Having pried a bit further, I don’t think it what quite as bad as that. My understanding is that when other venues said “We already knew the Warren was cancelling”, what the really meant was they they were expecting The Warren would cancel. It is never okay to promise something you can’t deliver, but there is a difference between promising something you don’t have a realistic chance of delivering and promising something you’ve already decided you’re not delivering.
What was less defensible was The Warren’s response to the venues left in the lurch. One would have expected the correct course of action would be an unreserved apology to all the venues, and a full refund. Instead, The Warren wanted to move acts to their Electric Arcade venue, still running a “fringe style event”. A lot of acts weren’t happy with this, and for good reason. The Electric Arcade spaces were different from most of the Warren spaces and not necessarily suitable for the acts booked. More to the point, if you’re doing Brighton Fringe the expectation is surely that you’ll build an audience through the Brighton Fringe programme and website?
As I understand it, The Warren were resistant to giving refunds because money on marketing and publicity had already been spent. I have a bit of sympathy with the situation they were in. When you’re up shit creek because of financial problems, the last thing you want is to give full refunds when you’ve already spent part of the money. (There were also complications over acts and registration fees being postponed from 2020.) Unfortunately, the Law is not sympathetic to this situation. If you spent 80% of the money but delivered 0% of the product, you will be expected to give 100% of the refund. And if the loss puts in in dire financial straits, you should have thought of that before you took the money.
Where there was the most anger, however, was Otherplace’s alternative “Fringe style event”. They branded their shows taking place over Brighton Fringe period as “The EA in May”. Now, it is important to remember that Brighton Fringe does not have, and must not ever be allowed to have, the veto on who does performing arts in Brighton during the fringe. Edinbrugh Fringe only exists because Edinburgh International Festival couldn’t veto eight acts turning up uninvited in 1947. Much of the Free Fringe operates outside of Edinburgh Fringe’s remit. There was for some time a “Five Pound Fringe” in Brighton. Nobody objected to any of this.
However the difference with all of those is that none of them were implicated in financial mismanagement. It’s one thing to forge ahead on you own because you weren’t invited to be part of a festival, or to opt out if you thing it’s too expensive. But if you’ve pulled out of a fringe to get your financial affairs in order, and you’ve said sorry for said financial affairs, trying to imitate the fringe you’ve pulled out of makes it sound like you’re not as sorry as you claimed.
It also didn’t help that publicity for “The EA in May” kept ending up in Brighton Fringe publicity; however, most people think that wasn’t deliberate – it was more likely individual leaflet deliverers not understanding where they could and couldn’t leave brochures. The kindest explanation I can offer for a festival imitating Brighton Fringe was that Otherplace had to make money somehow, without which there was no chance of settling up the money owed. But unfortunately for Otherplace, it seems most people’s patience for kind explanations was exhausted.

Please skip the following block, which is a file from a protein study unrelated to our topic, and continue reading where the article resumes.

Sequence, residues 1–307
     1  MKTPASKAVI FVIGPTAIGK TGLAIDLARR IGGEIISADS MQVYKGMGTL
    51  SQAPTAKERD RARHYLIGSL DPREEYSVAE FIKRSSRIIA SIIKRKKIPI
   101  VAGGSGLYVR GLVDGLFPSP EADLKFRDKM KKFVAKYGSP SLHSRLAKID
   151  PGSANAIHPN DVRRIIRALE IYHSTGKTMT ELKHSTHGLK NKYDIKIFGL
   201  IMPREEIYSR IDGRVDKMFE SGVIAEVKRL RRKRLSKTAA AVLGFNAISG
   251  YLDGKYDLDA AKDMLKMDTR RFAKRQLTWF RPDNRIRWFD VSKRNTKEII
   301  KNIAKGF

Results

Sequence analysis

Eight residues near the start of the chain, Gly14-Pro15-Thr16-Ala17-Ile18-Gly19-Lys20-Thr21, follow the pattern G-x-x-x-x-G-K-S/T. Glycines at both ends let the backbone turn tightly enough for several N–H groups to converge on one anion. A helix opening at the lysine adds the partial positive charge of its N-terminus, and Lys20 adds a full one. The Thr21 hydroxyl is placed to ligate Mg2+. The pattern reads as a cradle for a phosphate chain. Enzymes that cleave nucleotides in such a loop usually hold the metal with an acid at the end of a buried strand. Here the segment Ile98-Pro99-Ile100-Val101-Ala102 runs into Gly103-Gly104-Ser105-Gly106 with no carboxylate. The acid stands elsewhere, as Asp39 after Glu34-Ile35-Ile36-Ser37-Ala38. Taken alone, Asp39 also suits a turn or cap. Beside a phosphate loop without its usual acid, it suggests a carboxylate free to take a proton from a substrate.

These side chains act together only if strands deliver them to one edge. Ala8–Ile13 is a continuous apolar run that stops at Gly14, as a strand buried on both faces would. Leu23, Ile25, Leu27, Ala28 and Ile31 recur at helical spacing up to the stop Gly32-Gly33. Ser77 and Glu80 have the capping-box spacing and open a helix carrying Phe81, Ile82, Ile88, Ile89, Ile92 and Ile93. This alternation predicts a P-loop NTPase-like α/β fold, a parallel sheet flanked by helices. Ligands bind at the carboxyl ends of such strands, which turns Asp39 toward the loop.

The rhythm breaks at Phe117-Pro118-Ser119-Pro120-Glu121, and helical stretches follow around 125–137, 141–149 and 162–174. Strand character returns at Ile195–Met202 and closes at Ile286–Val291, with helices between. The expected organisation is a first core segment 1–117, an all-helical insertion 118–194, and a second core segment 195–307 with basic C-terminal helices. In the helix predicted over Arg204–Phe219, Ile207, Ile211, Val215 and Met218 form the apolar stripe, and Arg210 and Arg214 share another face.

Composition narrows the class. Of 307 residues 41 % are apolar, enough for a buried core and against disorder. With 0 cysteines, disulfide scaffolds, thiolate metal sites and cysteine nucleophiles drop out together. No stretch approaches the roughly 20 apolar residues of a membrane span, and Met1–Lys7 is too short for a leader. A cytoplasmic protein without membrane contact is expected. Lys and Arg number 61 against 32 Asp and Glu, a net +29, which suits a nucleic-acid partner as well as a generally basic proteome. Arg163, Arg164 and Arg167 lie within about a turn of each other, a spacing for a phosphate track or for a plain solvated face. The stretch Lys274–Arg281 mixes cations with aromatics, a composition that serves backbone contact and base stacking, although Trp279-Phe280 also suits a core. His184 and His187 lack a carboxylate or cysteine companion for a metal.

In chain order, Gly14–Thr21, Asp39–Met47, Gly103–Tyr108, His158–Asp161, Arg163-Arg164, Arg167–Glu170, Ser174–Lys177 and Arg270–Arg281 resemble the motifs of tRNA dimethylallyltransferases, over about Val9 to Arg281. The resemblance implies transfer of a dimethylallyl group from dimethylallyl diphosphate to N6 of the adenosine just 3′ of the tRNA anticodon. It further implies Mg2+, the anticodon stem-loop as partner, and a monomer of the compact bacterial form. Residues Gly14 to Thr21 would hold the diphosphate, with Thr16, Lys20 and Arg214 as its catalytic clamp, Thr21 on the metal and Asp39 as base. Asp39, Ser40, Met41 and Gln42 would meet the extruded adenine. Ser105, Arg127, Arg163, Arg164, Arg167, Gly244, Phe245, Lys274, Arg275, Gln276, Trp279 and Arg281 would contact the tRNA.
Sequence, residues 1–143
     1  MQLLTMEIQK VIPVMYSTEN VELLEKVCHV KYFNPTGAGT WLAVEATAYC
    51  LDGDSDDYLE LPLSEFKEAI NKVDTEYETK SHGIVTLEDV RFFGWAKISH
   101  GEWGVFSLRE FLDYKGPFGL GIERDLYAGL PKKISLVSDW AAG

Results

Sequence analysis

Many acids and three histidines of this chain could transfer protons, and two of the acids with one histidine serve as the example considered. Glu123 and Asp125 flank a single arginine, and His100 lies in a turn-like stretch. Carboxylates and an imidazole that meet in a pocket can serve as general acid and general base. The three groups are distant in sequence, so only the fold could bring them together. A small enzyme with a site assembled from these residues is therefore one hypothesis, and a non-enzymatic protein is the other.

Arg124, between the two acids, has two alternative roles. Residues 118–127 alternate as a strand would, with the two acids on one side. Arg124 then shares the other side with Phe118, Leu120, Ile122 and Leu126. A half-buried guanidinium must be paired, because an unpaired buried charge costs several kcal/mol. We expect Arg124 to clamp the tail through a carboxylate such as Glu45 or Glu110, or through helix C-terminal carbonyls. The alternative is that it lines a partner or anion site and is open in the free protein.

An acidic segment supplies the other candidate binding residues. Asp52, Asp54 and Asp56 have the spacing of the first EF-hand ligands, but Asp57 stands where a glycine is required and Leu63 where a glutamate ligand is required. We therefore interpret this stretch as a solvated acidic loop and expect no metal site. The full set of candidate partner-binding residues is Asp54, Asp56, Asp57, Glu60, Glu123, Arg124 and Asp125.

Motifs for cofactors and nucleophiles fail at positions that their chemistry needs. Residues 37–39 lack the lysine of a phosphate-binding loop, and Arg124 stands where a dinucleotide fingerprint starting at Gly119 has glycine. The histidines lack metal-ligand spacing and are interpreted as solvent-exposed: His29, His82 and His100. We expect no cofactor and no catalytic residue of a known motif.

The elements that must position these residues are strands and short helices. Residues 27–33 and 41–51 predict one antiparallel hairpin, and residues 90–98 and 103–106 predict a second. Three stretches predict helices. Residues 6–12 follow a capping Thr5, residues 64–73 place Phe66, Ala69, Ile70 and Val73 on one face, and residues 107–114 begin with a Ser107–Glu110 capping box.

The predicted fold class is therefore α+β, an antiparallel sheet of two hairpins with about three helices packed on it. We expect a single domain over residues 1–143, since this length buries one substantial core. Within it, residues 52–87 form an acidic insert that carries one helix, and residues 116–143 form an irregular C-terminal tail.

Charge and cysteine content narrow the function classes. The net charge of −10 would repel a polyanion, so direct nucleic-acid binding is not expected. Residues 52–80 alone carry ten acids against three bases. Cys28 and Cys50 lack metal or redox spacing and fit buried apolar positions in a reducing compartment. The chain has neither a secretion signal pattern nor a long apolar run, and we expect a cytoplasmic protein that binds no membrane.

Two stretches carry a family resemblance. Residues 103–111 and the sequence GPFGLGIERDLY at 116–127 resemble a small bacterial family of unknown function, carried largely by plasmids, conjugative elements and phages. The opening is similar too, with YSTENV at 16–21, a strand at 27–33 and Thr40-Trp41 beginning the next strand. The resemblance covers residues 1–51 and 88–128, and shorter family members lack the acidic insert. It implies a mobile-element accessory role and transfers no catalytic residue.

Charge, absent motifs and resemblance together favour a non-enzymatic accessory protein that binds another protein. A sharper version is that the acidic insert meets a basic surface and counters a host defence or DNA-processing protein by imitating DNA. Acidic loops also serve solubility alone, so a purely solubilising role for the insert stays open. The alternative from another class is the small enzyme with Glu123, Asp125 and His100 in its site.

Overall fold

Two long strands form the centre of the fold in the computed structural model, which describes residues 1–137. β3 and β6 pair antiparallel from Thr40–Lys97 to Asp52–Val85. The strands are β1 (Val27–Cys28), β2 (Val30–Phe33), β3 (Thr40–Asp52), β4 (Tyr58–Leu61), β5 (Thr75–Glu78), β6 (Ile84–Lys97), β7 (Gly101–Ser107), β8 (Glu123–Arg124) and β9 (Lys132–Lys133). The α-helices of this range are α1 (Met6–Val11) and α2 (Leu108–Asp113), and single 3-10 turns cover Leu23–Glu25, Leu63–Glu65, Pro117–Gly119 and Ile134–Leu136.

It’s hard to see how The Warren could have rebuilt bridges in 2022, but what they did only achieved the opposite
2022-2023: The final nails in the coffin
The worst thing that happened to The Warren in May 2022, however, was the one thing they had no control over any more. Quite simply: the rest of the Brighton Fringe discovered it was managing perfectly well without The Warren.
It turned out that the spirit of the pre-2010s Brighton Fringe never went away. Although Brighton Fringe had become increasingly concentrated in big well-known venues, you could still put on successful shows anywhere. Brighton has plenty of year-round theatres – suddenly places that previously only got a handful of bookings now took an extensive programme. Even rooms that weren’t conventional theatre spaces were getting good shows in.
Meanwhile, the other big venues quickly moved in on The Warren’s turf. The Rotunda had a phenomenally successful first year; and meanwhile Laughing Horse, now boasting five spaces over four venues, re-established itself as the number one place for comedy. I’m not sure either venue directly took business off The Warren, mind. The Rotunda’s two spaces were filling up long before word was getting round about The Warren’s woes. In theory, Laughing Horse might have taken comedians tired of dealing with The Warren, but based on conversations I’ve had, it does seem that Laughing Horse was picked out of affinity to Laughing Horse, rather than getting away from any other venue. However, this was little consolation to Otherplace, with venues big and small showing The Warren isn’t needed.